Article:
Excess Gas?

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When you eat or drink something sweet, do you have stomach issues?

Blueberry Croissant

Cramps, excess gas, a bloated feeling, even diarrhea and pain.

It could be that fructose is the culprit.

It’s found in many processed drinks, such as lemonade and soda, and in food such as low-fat sauces, yogurts, cereals, and more.

High Fructose Corn Syrup is trouble too.

What happens is that the fructose isn’t absorbed properly. It ends up in the colon where bacteria break it down, and turn it into acid and gas.

If this sounds like you, then try laying off anything with corn syrup in it for a few days, and see if your digestive system settles down.

Obesity In The United States

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Between 1970 and 2005 the obesity rate in the United States roughly doubled, according to data from the National Health a and Nutrition Examination Survey, and the USDA.

On the BMI scale over 30 is defined as obese; over 25 is overweight.

TruthAboutAbs

We’re eating over 200 calories more each day, most of which come from carbs. We are also eating more meat, although most of that is actually leaner than it used to be, so the calorie contribution to the average diet has gone down.

We’re taking in about 100 calories more in sweeteners each day on average, and High Fructose Corn Syrup has about half of that.

We drink less regular whole milk, and more reduced fat, and fat-free milk.

We consume a lot more oil, particularly vegetable oil, than we were back in the 1970’s. Mostly corn, and soybean and canola oils.

The increase in obesity has come about because we eat a lot more wheat; increased sweeteners, and processed oils instead of fat from meat.

Dump HFCS, and other Sugar from your Diet

The Corn Refiners Association (CRA) seemingly takes exception to any suggestion that High Fructose Corn Syrup (HFCS) is in any way to blame for the increase in Child diabetes in the United States.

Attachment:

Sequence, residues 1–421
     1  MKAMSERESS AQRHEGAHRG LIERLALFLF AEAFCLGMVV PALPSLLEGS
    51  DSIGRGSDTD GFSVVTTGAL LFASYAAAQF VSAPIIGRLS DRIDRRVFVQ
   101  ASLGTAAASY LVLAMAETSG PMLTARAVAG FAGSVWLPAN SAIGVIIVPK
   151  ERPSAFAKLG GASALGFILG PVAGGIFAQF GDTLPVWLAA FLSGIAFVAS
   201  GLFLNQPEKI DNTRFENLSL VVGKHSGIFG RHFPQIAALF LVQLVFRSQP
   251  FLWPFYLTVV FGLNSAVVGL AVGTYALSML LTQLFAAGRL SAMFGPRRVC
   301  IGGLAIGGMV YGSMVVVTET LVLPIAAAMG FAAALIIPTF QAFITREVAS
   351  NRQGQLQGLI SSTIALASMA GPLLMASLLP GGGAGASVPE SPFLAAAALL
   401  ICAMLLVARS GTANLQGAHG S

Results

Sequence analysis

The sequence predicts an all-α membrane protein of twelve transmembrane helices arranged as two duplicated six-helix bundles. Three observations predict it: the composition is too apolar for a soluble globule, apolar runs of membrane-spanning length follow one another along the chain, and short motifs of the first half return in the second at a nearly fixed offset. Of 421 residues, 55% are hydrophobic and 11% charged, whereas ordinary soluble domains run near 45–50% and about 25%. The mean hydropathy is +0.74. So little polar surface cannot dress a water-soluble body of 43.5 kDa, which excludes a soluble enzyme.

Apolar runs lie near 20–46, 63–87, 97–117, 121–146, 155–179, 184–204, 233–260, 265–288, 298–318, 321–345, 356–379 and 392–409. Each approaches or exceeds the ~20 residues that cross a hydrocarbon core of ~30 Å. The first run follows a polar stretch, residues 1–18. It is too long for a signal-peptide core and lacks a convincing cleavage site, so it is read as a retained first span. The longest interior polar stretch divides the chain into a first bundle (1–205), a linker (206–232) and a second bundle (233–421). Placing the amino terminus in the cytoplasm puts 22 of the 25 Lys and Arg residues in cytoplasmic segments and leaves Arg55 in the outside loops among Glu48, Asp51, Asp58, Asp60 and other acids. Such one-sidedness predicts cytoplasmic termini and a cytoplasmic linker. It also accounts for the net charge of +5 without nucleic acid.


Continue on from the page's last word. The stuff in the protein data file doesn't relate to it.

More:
The CRA loves to quote the American Medical Association (AMA) as saying that HFCS doesn’t appear to contribute more to obesity to other caloric sweeteners (such as regular sugar, for example).


However, The AMA also recommends a daily limit of 32 grams of such sweeteners. The average can of soda contains 40 grams of HFCS.

So even if HFCS in itself does no more harm than other sweeteners, we can’t get away from the fact that the average American consumes far more sweeteners of all kinds than is recommended by the AMA – over 500% more. As practically all processed food products contain HFCS, it is a major contributor to obesity, and diabetes in the USA.

The best way forward is to cut out processed foods altogether. Eat fresh fruit, vegetables, meat, pasta, diary, beans and whole grains. Check anything in a carton, box, or packet though to be sure of what you are actually eating.

Cutting out processed foods, and sweeteners, including HFCS, cannot do any harm.

Mercury Rising

Not only is High Fructose Corn Syrup (HFCS) not good for us – despite how the corn refining companies dress it up, it’s still empty calories that we can do without – it’s found that up to 50% of it contains mercury.